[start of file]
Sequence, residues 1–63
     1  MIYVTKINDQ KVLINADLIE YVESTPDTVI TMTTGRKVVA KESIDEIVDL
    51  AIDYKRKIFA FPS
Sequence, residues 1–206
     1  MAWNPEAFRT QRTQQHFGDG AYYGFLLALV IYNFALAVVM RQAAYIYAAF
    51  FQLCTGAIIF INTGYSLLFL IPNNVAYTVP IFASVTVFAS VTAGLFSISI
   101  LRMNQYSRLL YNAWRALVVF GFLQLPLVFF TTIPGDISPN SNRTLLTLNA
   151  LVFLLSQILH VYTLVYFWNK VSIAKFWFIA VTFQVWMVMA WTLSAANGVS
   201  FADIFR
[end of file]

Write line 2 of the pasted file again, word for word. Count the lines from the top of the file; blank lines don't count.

     1  MIYVTKINDQ KVLINADLIE YVESTPDTVI TMTTGRKVVA KESIDEIVDL